Colombia’s president Ivan Duque has finished his shortlist of Prosecutor General candidates, none of whom have any experience with criminal law.
Duque’s shortlist obeys to a political tradition of providing the Supreme Court with a shortlist of allies rather than competent prosecutors or executives.
Whoever the incoming chief prosecutor will be, all are more likely to protect Duque’s political interests rather than lift the Prosecutor General’s Office from the profound crisis it is in.
When former chief Prosecutor General Nestor Humberto Martinez took office in 2016, he reported an impunity rate of 99%. Three years later, Martinez himself is under investigation and the impunity rate hasn’t changed a bit, according to the Global Impunity Index.
Of the total crimes in the country, 71% are in the preliminary investigation stage. Of these investigations, only 27% are active, while the number of active prosecutions in the investigation stage reaches an alarming 1%.
2019 Global Impunity Index
Camilo Gomez (Conservative Party) is the most senior and the most controversial of candidates with conflicts of interests left and right.
Gomez is currently the country’s State Attorney, the lawyer in charge of defending the state in lawsuits involving tens of billions of dollars demanded by citizens or before international trade tribunals.
Gomez’ corporate law firm has defended allegedly criminal companies, namely US mining company Drummond and the Buenaventura Container Terminal, but has yet to prosecute his first alleged criminal.
The Supreme Court proposed the lawyer/politician as Inspector General in 2008. Gomez lost this election in Congress to the far-right Alejandro Ordoñez, Colombia’s current ambassador at the Organization of American States.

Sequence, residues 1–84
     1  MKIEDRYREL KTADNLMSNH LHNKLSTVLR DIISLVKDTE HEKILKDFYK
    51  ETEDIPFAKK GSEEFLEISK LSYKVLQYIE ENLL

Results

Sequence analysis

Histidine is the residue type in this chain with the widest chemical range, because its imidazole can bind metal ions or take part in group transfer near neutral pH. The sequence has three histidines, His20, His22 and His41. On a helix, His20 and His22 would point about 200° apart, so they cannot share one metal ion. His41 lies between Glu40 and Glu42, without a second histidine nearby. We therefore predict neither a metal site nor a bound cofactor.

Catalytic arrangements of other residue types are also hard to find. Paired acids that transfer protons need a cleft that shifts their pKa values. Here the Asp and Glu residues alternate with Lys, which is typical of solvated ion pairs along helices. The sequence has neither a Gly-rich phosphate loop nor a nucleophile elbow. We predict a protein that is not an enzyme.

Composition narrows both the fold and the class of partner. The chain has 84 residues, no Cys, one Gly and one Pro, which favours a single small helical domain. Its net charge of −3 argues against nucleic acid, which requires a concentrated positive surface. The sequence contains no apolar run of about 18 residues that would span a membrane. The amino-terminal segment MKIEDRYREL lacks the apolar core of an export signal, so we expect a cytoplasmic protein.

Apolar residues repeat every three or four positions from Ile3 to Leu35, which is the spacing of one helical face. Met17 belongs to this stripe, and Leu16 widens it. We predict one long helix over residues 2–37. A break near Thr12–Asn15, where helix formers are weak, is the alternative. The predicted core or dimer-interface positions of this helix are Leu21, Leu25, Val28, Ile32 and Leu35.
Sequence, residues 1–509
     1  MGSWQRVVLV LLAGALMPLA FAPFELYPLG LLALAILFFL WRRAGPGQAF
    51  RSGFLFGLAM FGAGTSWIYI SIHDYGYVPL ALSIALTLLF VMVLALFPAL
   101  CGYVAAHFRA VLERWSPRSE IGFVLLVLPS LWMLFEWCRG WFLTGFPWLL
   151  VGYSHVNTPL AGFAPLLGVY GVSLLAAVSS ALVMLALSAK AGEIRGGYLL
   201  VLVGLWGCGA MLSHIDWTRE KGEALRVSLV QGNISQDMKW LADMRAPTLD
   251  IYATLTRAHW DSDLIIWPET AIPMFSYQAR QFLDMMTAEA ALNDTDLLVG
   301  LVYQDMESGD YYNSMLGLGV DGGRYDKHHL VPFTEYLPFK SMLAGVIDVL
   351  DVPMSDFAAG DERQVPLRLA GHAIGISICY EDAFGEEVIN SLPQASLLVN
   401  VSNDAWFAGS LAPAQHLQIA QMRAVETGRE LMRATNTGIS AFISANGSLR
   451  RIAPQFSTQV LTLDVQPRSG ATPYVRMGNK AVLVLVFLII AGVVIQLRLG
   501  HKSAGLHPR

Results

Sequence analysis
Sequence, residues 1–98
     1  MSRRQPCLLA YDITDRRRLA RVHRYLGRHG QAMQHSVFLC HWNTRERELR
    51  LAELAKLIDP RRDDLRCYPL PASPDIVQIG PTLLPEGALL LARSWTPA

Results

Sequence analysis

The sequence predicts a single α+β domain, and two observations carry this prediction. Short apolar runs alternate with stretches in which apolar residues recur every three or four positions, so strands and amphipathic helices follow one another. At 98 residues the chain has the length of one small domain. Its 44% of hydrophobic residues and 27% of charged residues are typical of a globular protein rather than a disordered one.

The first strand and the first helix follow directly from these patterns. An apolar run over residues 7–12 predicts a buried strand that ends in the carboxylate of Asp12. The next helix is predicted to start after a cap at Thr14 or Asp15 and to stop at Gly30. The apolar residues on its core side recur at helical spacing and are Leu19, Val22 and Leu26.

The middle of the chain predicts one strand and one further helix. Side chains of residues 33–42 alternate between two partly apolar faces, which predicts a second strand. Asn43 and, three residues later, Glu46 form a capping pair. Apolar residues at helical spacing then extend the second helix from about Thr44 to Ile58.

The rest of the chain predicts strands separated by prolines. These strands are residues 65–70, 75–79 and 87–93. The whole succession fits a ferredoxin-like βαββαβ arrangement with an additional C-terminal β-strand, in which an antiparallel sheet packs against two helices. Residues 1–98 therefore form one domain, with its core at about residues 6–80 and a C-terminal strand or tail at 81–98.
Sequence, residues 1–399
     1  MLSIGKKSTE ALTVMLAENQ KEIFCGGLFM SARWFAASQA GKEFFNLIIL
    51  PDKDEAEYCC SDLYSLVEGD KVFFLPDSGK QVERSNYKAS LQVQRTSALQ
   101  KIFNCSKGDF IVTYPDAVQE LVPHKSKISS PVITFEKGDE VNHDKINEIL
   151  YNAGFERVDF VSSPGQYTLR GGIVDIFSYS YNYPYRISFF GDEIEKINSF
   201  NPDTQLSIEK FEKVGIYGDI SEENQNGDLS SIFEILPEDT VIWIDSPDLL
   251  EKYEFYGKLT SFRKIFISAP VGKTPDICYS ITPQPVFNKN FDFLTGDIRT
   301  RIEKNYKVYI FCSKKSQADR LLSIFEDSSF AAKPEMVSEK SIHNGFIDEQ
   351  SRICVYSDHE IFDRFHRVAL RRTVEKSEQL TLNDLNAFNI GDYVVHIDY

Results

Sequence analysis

- Former President Andres Pastrana
- Vice-President Marta Lucia Ramirez
- Former President Cesar Gaviria
Francisco Barbosa is a President Ivan Duque’s Human Rights Councillor and has been friends with the president since they studied law at the Sergio Arboleda University more than two decades ago.
Barbosa’s judicial specialties are international humanitarian law and transitional justice who spent almost his entire career teaching law at the Externado University in Bogota.
After former President Juan Manuel Santos became Pastrana’s finance minister in 1998, Duque’s former political patron hired both the current president and Barbosa as external consultants.
After former President Alvaro Uribe became president in 2002, Barbosa was hired by the Communications Ministry while Duque stayed at the Finance Ministry.
The current Human Rights Councillor briefly worked at the human rights unit of the Prosecutor General’s Office between 2003 and 2004 after which he dedicated his career to teaching law until Duque took office.
As the president’s human rights chief, Barbosa and former Foreign Minister Carlos Holmes Trujillo had major tensions with the United Nations’ Human Rights Office in Colombia.
- President Ivan Duque
- Former President Juan Manuel Santos
- Defense Minister Carlos Holmes Trujillo
- Former Bogota Mayor Enrique Peñalosa
Paola Andrea Meneses
Paola Andrea Meneses is Colombia’s current Superintendent of Family Subsidies.
It is entirely unclear how Meneses got in her current position, let alone what she’s doing on Duque’s shortlist to become Prosecutor General.
Admittedly, Meneses has studied law, and specialized in administrative and constitutional law, but has never worked in the judicial branch.
Before becoming Superintendent of Family Subsidies, she was the secretary of a number of directors of the National Federation of Provinces.
Before that, she had some odd jobs in the private sector, most notably as the judicial assistance chief of Bogota’s public utilities company ETB.